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Countercult ministries/The Interactive Bible/Difficult Questions for Mormons/Book of Mormon Races
Response to "Difficult Questions for Mormons: Book of Mormon Races"
|Book of Mormon Script||
A FairMormon Analysis of: Difficult Questions for Mormons, a work by author: The Interactive Bible
|Book of Mormon Witnesses|
|Difficult Questions for Mormons|
- Response to claim: "If the Book of Mormon is true, why do Indians fail to turn white when they become Mormons?"
- Response to claim: "Why aren't any of the Indian tribes racially or genetically the same as Hebrews?"
- Response to claim: "Why did Joseph Smith send missionaries to the 'Lamanites' if the American Indians at the time weren't really 'Lamanites'?"
Response to claim: "If the Book of Mormon is true, why do Indians fail to turn white when they become Mormons?"
Response to claim: "If the Book of Mormon is true, why do Indians fail to turn white when they become Mormons? (2 Nephi 30:6, prior to the 1981 revision)."
The verse in question says that the Lamanites will become a "pure and delightsome" people. In the 1830 edition, this read "white and delightsome." When Joseph Smith prepared the 1837 edition for publication, he exchanged "white" for "pure"—probably because he realized that readers were seeing this as a literal issue, rather than symbolic. The change removed the ambiguity.
- Unfortunately, this change went unnoticed in subsequent editions, until the preparation of the 1981 edition. So, the 1981 edition restored a reading that went back to 1837; the change is not (as the critics want to portray it) a "recent" change. The history of the change makes it clear why "Indians do not become white"—the verse is not about skin color, but about purity before God.
Question: Why was the phrase "white and delightsome" changed to "pure and delightsome" in the 1840 edition of the Book of Mormon?
This change was originally made in the 1840 edition, lost, and then restored again in the 1981 edition
This change was originally made in the 1840 edition but because subsequent editions were based off the European editions (which followed the 1837 edition), the change did not get perpetuated until the preparation of the 1981 edition. The change is not (as the critics want to portray it) a "recent" change designed to remove a "racist" original.
The idea that the Church has somehow "hidden" the original text or manuscripts of the Book of Mormon in order to hide this is simply unbelievable. Replicas of the 1830 Book of Mormon are easily obtained on Amazon.com, and the text is freely available online. In addition, Royal Skousen has extensively studied the original Book of Mormon manuscripts and published a critical text edition of the Book of Mormon. The claim by the critics that the Church has somehow hidden these items is seriously outdated.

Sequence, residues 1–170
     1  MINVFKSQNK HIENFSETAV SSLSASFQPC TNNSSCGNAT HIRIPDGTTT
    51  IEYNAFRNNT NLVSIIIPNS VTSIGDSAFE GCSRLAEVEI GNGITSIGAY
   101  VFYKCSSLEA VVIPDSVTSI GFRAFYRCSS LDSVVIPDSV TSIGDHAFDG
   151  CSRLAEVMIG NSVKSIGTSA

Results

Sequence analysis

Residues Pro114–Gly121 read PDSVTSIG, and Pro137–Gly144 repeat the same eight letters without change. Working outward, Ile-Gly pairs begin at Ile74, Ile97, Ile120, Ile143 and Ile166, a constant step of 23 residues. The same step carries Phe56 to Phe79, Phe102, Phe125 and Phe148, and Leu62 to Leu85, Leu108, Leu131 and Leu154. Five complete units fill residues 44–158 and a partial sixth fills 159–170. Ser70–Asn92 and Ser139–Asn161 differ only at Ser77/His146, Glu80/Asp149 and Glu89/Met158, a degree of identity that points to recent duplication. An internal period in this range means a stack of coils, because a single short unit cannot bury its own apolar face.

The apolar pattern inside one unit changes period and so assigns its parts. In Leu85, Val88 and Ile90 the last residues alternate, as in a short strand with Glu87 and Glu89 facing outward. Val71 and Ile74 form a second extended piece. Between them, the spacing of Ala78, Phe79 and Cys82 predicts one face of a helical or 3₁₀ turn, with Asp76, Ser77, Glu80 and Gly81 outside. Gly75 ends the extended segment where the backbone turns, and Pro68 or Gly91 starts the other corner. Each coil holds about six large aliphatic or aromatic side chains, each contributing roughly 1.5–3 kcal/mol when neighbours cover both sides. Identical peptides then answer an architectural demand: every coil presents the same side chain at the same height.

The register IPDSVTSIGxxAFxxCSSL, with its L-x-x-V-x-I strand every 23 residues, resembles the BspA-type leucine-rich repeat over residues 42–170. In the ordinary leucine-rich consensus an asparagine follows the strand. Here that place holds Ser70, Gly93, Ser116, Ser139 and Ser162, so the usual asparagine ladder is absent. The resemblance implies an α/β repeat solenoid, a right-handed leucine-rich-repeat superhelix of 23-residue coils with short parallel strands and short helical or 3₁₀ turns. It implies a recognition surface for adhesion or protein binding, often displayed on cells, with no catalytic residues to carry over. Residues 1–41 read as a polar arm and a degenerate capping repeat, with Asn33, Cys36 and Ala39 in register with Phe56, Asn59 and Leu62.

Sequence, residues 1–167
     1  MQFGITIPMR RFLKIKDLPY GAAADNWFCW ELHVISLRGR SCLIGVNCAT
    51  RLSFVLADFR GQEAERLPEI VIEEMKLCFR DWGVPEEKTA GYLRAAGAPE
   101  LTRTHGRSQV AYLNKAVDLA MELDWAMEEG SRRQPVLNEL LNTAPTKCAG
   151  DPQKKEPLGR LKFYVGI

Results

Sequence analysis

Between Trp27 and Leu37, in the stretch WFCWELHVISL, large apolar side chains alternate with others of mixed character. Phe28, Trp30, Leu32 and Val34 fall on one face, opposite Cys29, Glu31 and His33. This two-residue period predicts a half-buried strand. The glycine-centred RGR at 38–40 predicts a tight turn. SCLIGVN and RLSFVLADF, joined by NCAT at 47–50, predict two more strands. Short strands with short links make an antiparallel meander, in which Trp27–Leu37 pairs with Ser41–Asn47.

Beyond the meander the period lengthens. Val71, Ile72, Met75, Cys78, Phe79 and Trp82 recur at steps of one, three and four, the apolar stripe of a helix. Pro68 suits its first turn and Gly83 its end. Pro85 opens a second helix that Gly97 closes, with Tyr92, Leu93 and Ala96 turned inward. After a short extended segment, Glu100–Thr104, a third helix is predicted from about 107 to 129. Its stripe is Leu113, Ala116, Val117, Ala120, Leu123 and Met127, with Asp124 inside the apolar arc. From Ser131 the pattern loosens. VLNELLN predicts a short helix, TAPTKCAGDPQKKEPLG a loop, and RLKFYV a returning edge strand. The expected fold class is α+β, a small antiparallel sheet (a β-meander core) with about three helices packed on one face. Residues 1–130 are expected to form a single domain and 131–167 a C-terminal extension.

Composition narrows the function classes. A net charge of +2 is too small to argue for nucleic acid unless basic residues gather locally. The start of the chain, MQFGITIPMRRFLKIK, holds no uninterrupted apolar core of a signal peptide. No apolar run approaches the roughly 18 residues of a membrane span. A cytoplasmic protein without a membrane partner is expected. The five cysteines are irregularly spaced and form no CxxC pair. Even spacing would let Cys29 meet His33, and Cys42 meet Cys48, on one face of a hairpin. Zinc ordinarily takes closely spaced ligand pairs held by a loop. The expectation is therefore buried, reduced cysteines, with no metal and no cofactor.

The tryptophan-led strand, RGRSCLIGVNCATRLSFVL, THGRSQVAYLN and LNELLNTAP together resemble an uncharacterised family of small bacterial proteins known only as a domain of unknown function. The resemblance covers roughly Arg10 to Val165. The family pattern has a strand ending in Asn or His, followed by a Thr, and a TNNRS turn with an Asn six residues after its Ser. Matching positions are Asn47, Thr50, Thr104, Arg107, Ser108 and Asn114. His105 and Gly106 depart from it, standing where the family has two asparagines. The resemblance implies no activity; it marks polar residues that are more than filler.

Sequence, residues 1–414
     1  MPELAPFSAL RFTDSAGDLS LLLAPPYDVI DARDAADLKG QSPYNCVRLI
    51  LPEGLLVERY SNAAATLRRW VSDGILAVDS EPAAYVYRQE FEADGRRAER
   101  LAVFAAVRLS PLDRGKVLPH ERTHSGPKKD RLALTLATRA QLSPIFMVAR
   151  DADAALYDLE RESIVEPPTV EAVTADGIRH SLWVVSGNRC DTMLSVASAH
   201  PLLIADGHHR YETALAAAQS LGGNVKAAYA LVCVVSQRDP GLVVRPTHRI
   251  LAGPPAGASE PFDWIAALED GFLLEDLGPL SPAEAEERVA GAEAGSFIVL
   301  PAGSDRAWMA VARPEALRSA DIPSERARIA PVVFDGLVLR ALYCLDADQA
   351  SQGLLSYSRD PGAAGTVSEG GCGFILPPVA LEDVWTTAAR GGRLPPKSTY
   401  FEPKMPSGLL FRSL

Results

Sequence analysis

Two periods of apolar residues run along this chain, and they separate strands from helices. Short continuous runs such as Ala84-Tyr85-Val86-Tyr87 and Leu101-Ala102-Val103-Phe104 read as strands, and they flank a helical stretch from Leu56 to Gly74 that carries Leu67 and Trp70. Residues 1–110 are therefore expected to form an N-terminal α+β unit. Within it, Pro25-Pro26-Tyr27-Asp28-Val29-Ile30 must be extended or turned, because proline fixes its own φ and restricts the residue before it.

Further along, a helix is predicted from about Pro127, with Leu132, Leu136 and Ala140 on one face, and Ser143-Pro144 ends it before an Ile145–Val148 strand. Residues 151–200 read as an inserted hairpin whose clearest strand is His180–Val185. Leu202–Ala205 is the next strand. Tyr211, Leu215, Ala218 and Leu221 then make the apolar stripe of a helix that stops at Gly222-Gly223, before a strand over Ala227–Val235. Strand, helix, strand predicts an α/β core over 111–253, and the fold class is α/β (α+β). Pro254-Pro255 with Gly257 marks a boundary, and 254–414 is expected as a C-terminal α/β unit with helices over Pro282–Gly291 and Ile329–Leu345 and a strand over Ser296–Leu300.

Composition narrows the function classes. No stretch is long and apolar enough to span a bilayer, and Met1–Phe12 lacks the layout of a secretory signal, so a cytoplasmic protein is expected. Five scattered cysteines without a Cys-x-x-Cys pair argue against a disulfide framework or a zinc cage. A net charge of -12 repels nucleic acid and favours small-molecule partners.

The change in the 1840 edition was probably made by Joseph Smith
This change actually first appeared in the 1840 edition, and was probably made by Joseph Smith:
- 2 Nephi 30:6 (1830 edition, italics added): "...they shall be a white and a delightsome people."
- 2 Nephi 30:6 (1840 edition, italics added): "...they shall be a pure and a delightsome people."
The 1837 edition was used for the European editions, which were in turn used as the basis for the 1879 and 1920 editions, so the change was lost until the 1981 edition
This particular correction is part of the changes referred to in the note "About this Edition" printed in the introductory pages:
"Some minor errors in the text have been perpetuated in past editions of the Book of Mormon. This edition contains corrections that seem appropriate to bring the material into conformity with prepublication manuscripts and early editions edited by the Prophet Joseph Smith."
It’s doubtful that Joseph Smith had racism in mind when the change was done in 1840 or other similar verses would have been changed as well.
The "pure" meaning likely reflected the original intent of the passage and translator
Furthermore, "white" was a synonym for "pure" at the time Joseph translated the Book of Mormon:
3. Having the color of purity; pure; clean; free from spot; as white robed innocence....5. Pure; unblemished....6. In a scriptural sense, purified from sin; sanctified. Psalm 51.
Thus, the "pure" meaning likely reflected the original intent of the passage and translator.
Response to claim: "Why aren't any of the Indian tribes racially or genetically the same as Hebrews?"
Response to claim: "Why aren't any of the Indian tribes racially or genetically the same as Hebrews? American Indians are all of Mongoloid origin."
There were other people already on the American Continents at the time that Lehi's group arrived (for example, the Mulekites from the Book of Mormon). Even if it were possible to genetically identify a Hebrew, their DNA would have been lost long ago.
Gospel Topics on LDS.org: "The evidence assembled to date suggests that the majority of Native Americans carry largely Asian DNA"
"Book of Mormon and DNA Studies," Gospel Topics on LDS.org: